Scripture: Privilege or Responsibility?

Let us no longer give the Bible to all children when they enter the third grade or whenever their assumed rise to Christian maturity is marked, such as eighth-grade commencements. Let us rather tell them and their parents that they are possessed by habits far too corrupt for them to be encouraged to read the Bible on their own.

I remember a friend telling me about this quote a couple of years ago. Then I came across it again on Steve Bush’s blog. (Here’s his website.) Okay. Maybe the quote is extreme, but it makes you think about Scripture, North American Christian values and spiritual transformation.

“Most North American Christians assume that they have a right, if not an obligation, to read the Bible. I challenge that assumption. No task is more important than for the Church to take the Bible out of the hands of individual Christians in North America. Let us no longer give the Bible to all children when they enter the third grade or whenever their assumed rise to Christian maturity is marked, such as eighth-grade commencements. Let us rather tell them and their parents that they are possessed by habits far too corrupt for them to be encouraged to read the Bible on their own.

North American Christians are trained to believe that they are capable of reading the Bible without spiritual and moral transformation. They read the Bible not as Christians, not as a people set apart, but as democratic citizens who think their ‘common sense’ is sufficient for ‘understanding’ the Scripture. They feel no need to stand under the authority of a truthful community to be told how to read. Instead they assume that they have all the ‘religious experience’ necessary to know what the Bible is about. As a result the Bible inherently becomes the ideology for a politics quite different from the politics of the Church.”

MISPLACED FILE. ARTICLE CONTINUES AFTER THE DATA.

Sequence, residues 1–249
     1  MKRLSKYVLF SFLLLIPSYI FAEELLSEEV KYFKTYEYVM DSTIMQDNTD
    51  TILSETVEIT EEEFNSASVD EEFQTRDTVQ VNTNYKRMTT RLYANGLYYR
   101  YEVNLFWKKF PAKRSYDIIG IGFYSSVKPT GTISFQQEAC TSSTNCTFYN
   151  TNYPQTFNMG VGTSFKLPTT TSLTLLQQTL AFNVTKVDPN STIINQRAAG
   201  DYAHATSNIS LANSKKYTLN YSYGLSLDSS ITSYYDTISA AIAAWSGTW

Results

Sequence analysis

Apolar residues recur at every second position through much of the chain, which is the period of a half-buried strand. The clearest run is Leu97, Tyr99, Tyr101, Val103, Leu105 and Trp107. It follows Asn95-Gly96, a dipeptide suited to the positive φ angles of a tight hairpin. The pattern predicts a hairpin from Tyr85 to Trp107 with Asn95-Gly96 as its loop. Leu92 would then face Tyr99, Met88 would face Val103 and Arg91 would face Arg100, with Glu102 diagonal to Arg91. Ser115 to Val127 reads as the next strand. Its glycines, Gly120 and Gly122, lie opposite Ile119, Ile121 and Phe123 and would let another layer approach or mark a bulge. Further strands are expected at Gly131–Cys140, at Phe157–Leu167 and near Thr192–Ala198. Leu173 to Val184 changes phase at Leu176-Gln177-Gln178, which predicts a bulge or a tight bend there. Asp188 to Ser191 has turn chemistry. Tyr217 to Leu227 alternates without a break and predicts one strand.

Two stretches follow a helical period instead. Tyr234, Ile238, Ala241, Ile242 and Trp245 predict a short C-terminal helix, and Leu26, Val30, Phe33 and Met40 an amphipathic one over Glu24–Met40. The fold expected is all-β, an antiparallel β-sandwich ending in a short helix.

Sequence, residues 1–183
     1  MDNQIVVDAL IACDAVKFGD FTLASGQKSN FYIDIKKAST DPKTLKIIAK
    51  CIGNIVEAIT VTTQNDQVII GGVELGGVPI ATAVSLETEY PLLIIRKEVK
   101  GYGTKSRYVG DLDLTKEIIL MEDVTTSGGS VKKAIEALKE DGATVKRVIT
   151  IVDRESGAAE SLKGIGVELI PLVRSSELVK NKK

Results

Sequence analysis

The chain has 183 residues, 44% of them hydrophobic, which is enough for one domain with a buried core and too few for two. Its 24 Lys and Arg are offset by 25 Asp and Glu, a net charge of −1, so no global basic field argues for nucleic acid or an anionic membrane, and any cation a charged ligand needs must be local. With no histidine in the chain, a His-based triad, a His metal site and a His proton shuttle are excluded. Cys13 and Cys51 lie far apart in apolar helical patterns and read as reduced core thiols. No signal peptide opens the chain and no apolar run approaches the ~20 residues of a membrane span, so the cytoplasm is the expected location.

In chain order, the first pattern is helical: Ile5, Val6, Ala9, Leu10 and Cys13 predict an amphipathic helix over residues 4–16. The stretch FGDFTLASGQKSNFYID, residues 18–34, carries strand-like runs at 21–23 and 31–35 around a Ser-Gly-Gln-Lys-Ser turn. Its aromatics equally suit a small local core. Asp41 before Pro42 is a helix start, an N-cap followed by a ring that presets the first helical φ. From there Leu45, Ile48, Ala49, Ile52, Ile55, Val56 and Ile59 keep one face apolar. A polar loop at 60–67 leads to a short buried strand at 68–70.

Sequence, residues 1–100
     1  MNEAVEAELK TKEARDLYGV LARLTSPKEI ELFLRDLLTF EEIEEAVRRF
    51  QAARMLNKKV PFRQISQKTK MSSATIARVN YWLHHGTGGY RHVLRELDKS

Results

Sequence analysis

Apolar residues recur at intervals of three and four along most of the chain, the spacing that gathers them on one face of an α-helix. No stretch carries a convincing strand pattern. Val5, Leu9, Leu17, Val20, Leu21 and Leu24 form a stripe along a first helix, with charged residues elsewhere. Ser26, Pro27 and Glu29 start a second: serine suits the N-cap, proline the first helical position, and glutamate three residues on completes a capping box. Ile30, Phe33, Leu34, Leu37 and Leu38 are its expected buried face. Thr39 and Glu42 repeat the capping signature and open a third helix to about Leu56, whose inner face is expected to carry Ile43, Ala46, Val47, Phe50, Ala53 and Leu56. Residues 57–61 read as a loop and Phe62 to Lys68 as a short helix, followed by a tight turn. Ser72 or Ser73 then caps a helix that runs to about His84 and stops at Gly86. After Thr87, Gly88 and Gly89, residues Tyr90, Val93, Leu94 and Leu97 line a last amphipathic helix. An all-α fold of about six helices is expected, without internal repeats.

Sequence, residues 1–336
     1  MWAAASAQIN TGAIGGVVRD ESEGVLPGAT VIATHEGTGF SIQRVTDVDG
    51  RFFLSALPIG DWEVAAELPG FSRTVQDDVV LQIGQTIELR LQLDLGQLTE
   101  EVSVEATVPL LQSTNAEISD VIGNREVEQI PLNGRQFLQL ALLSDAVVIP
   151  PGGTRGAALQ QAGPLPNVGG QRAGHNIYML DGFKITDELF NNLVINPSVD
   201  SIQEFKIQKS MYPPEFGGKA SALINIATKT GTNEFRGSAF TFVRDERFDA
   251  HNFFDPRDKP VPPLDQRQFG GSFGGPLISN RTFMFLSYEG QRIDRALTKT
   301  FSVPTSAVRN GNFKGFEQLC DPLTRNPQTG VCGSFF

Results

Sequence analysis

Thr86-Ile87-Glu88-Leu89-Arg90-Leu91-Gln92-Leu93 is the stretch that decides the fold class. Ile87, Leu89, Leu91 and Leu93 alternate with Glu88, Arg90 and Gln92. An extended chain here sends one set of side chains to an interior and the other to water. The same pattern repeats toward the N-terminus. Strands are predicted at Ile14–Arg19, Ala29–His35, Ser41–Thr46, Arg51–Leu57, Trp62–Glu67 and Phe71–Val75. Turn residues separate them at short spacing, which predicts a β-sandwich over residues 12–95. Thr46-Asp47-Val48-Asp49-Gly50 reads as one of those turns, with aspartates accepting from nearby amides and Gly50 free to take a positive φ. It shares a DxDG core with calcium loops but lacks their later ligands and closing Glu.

~ Stanley Hauerwas, Unleashing the Scripture

3 thoughts on “Scripture: Privilege or Responsibility?

  1. Who then among us is “qualified” to “correctly” interpret for us; the stinking lowly, uneducated masses? What then is our criteria? Education? Character? Charisma? And how do those who interpret it for us, remain untainted by their own political agenda? Where are those who can “Rightly” divide truth uncorrupted by political agenda? Perhaps you best define what you are meaning to convey with the use of the word political.

  2. Hey Mark,

    Like I said in the post, Hauerwas’ quote is fairly extreme. But he brings up a good point. Many times North American Christians take Scripture to simply support their own ideologies rather than approaching Scripture as a confrontation between God’s Story and their own distorted stories. That’s why many times what we think is “biblical theology” is actually American politics and ideology supported by proof-texts. This becomes more apparent when one travels outside the U.S.

    I think that is what Hauerwas is meaning when he states, “As a result the Bible inherently becomes the ideology for a politics quite different from the politics of the Church.” The Church’s politics is supposed to be the implementation of Jesus’ work of making the kingdom of God available. Or as Paul states in Romans 14:17, “For the kingdom of God is not a matter of eating and drinking, but of righteousness, peace and joy in the Holy Spirit.”

    Unfortunately, Hauerwas often states his case in a shocking way. In that light he has done a better job of deconstruction than reconstruction (at least in this quote) and doesn’t offer alternatives. I think that’s what your comment is addressing.

    Ultimately, the proper interpretation and embodying of Scripture must occur within (I choose “within” rather than Hauerwas’ “under”) “the authority of a truthful community.” Obviously this community must be filled and led by the Spirit. Second, the group’s concept of God’s Story and the accompanying theology and praxis, must be formed by those who have gone before into proper spiritual transformation — people from both within the group and aided by some outside the group. Third, the group must be held together by a covenant to be a counterculture “resistance movement,” that exists to confront the ideologies and practices within our culture with the life of God’s kingdom.

    Whether, that’s Hauerwas’ intention or not, that’s how I view his statement about politics of our culture versus the politics of the Church (I would use “kingdom”).

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